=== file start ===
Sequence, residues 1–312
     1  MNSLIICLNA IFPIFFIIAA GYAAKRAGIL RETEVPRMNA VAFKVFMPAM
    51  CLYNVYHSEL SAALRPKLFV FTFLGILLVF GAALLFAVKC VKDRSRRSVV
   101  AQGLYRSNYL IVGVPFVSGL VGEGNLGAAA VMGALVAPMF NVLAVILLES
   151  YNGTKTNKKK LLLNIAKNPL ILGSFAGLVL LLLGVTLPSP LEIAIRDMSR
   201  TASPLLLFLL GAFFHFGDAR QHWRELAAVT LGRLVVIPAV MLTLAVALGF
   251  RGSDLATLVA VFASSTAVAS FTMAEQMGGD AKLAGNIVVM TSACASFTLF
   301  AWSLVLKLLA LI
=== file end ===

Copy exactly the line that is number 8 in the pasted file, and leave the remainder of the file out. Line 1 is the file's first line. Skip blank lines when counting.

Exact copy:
   301  AWSLVLKLLA LI